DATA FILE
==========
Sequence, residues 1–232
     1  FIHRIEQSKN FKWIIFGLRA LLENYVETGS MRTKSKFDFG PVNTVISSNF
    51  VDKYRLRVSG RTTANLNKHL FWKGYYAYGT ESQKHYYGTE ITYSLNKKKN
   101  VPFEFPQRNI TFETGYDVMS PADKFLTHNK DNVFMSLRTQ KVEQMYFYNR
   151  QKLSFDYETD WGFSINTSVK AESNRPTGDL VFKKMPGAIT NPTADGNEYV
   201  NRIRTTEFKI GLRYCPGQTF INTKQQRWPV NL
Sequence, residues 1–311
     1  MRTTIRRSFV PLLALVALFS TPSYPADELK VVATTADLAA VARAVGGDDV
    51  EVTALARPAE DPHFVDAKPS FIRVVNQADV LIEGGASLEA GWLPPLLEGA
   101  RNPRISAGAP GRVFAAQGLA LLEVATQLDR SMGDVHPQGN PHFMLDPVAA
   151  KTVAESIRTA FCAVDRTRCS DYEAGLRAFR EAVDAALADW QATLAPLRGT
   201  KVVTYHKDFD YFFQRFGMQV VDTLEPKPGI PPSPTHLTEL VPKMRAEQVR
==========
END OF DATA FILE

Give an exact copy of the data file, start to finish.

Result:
Sequence, residues 1–232
     1  FIHRIEQSKN FKWIIFGLRA LLENYVETGS MRTKSKFDFG PVNTVISSNF
    51  VDKYRLRVSG RTTANLNKHL FWKGYYAYGT ESQKHYYGTE ITYSLNKKKN
   101  VPFEFPQRNI TFETGYDVMS PADKFLTHNK DNVFMSLRTQ KVEQMYFYNR
   151  QKLSFDYETD WGFSINTSVK AESNRPTGDL VFKKMPGAIT NPTADGNEYV
   201  NRIRTTEFKI GLRYCPGQTF INTKQQRWPV NL
Sequence, residues 1–311
     1  MRTTIRRSFV PLLALVALFS TPSYPADELK VVATTADLAA VARAVGGDDV
    51  EVTALARPAE DPHFVDAKPS FIRVVNQADV LIEGGASLEA GWLPPLLEGA
   101  RNPRISAGAP GRVFAAQGLA LLEVATQLDR SMGDVHPQGN PHFMLDPVAA
   151  KTVAESIRTA FCAVDRTRCS DYEAGLRAFR EAVDAALADW QATLAPLRGT
   201  KVVTYHKDFD YFFQRFGMQV VDTLEPKPGI PPSPTHLTEL VPKMRAEQVR